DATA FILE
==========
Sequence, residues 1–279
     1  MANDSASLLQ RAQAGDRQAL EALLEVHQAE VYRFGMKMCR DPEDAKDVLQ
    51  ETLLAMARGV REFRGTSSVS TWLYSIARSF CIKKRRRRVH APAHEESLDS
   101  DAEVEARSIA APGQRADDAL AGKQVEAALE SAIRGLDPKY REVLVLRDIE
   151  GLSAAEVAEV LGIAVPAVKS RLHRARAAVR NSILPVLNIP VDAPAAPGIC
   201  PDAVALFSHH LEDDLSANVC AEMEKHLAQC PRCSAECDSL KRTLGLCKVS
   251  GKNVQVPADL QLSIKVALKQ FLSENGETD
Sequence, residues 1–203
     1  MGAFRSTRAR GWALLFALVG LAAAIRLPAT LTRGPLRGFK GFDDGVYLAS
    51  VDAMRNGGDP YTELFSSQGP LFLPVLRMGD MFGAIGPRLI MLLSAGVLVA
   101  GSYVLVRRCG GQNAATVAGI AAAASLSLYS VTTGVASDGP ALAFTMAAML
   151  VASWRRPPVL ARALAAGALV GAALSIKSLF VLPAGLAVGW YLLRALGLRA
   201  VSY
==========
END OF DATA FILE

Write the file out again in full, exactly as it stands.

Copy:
Sequence, residues 1–279
     1  MANDSASLLQ RAQAGDRQAL EALLEVHQAE VYRFGMKMCR DPEDAKDVLQ
    51  ETLLAMARGV REFRGTSSVS TWLYSIARSF CIKKRRRRVH APAHEESLDS
   101  DAEVEARSIA APGQRADDAL AGKQVEAALE SAIRGLDPKY REVLVLRDIE
   151  GLSAAEVAEV LGIAVPAVKS RLHRARAAVR NSILPVLNIP VDAPAAPGIC
   201  PDAVALFSHH LEDDLSANVC AEMEKHLAQC PRCSAECDSL KRTLGLCKVS
   251  GKNVQVPADL QLSIKVALKQ FLSENGETD
Sequence, residues 1–203
     1  MGAFRSTRAR GWALLFALVG LAAAIRLPAT LTRGPLRGFK GFDDGVYLAS
    51  VDAMRNGGDP YTELFSSQGP LFLPVLRMGD MFGAIGPRLI MLLSAGVLVA
   101  GSYVLVRRCG GQNAATVAGI AAAASLSLYS VTTGVASDGP ALAFTMAAML
   151  VASWRRPPVL ARALAAGALV GAALSIKSLF VLPAGLAVGW YLLRALGLRA
   201  VSY